Loss is a curious thing. Loss of someone who is alive is a curious thing. It curls like smoke in your belly, hovering there out of sight, sometimes even out of mind, constricting appetite. It's not a physical wound yet can blind with a flash when the pain washes back over with a familiar scent or a sound. A pain that will pierce between the eyes, or in the back of the throat. Sometimes striking paralysis, leaving the mouth agape and chest motionless, no need for breath for 30 seconds, a minute. You marvel that you ever felt anything other than the dull ache of grief, that you ever felt anything at all; you know you never will again -- that hurt will be carried with you forever, a river of scars unseen by the naked eye -- defining your past, informing your future.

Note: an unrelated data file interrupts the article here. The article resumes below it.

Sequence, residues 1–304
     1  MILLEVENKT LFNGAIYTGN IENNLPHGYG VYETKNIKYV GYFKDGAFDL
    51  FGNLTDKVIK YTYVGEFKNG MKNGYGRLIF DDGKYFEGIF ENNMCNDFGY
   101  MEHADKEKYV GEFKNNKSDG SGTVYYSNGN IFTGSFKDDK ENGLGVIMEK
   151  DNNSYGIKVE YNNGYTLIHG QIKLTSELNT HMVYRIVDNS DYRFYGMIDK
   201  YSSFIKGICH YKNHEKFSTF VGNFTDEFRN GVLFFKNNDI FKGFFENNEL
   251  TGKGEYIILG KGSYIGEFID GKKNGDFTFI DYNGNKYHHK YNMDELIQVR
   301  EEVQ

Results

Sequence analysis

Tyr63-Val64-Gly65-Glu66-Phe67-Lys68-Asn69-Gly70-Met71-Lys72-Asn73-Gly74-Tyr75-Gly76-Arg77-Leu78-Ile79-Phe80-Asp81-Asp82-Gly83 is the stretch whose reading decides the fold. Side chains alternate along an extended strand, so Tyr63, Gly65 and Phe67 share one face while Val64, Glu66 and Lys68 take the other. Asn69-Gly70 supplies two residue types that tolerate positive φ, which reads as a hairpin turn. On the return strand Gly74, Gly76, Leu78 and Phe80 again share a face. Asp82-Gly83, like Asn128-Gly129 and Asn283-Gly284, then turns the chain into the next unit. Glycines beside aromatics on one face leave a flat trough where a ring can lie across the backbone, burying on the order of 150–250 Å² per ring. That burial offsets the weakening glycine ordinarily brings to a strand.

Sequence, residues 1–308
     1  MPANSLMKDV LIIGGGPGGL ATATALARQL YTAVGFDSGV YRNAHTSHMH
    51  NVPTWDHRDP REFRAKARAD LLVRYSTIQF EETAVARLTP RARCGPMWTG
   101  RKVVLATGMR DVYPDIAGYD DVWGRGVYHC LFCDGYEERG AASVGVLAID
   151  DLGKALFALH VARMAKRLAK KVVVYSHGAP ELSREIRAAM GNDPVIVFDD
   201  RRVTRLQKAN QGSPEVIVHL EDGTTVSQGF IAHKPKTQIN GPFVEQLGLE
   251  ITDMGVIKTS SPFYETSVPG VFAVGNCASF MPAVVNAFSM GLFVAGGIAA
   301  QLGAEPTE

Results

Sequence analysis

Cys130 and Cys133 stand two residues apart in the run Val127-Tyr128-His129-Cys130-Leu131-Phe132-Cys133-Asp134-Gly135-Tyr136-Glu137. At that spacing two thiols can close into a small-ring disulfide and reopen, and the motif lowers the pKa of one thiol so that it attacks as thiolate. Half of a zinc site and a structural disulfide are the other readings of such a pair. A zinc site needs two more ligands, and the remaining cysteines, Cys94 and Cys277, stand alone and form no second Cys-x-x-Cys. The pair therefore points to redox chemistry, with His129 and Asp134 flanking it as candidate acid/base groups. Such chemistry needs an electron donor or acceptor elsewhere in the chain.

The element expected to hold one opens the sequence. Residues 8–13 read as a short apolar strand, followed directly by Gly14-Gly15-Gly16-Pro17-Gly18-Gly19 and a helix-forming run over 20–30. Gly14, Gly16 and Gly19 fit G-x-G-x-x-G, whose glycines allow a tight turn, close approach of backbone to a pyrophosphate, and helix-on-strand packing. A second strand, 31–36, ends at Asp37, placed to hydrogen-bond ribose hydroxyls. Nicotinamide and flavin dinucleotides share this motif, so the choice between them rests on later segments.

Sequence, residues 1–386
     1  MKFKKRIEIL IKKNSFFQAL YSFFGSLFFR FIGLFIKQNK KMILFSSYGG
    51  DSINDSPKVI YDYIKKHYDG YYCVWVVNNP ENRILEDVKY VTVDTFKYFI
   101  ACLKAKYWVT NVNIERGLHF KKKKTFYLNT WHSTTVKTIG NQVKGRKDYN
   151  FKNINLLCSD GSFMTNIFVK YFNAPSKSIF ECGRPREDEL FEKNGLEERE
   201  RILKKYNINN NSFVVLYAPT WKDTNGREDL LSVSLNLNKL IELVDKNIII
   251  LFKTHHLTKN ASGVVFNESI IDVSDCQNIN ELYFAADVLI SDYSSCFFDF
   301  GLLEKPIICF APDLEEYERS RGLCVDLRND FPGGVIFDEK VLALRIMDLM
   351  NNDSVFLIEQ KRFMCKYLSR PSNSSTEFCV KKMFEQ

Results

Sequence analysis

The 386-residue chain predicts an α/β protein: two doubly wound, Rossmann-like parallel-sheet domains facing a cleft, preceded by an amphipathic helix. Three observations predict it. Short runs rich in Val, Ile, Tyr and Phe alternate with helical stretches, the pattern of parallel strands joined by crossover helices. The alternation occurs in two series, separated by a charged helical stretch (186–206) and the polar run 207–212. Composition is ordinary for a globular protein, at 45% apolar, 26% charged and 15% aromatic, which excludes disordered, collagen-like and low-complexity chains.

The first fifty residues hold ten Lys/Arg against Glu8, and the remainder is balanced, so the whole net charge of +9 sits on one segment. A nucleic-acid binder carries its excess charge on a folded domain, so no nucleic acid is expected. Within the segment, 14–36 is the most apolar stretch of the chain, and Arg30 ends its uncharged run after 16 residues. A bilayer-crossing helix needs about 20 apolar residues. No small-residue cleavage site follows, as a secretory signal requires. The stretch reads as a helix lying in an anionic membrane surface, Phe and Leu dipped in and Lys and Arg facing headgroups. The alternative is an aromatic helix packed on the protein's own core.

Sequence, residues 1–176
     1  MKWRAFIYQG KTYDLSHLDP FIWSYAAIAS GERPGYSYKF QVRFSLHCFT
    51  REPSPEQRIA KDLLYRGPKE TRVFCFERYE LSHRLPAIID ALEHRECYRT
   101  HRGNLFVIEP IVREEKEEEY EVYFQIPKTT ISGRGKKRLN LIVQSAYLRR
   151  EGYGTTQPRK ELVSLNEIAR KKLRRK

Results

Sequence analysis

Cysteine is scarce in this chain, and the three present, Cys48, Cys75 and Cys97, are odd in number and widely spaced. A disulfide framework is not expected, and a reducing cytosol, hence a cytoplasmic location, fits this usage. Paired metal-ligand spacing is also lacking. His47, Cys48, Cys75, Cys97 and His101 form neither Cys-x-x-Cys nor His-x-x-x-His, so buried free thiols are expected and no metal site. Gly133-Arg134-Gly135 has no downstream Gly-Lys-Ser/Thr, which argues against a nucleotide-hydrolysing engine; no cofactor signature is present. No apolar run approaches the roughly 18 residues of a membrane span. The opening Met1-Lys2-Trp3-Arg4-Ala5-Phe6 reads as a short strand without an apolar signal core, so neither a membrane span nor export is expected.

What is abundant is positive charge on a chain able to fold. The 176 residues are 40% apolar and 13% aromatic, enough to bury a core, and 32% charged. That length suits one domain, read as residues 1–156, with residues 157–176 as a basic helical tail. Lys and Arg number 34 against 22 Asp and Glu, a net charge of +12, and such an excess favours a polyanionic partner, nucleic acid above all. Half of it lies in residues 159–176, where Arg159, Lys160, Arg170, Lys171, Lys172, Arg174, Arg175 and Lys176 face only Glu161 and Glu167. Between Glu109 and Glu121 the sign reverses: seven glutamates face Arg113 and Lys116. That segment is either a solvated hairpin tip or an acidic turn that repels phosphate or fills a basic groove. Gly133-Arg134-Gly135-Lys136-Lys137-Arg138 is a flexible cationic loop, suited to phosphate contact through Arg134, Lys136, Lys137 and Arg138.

Of course, it will lift. Little by little. Still defining, still informing but mixing with all other parts of yourself. The pain will be there. Always, but duller and less acute. The scars, that system of ugly marks left behind crisscrossing the psyche will whiten then fade, until they are just a part of the landscape.
I have lost. Beloved friends and lovers and family; so many, too many. I have loved wholly and seen that love disintegrate, to not be enough. I have contributed to the failure of relationships and I have been blind-sided by an abrupt end. It, the mourning process, never gets easier. I never feel stronger or better for any loss. And I never stop loving.
(Image of Joan Snyder's My Work)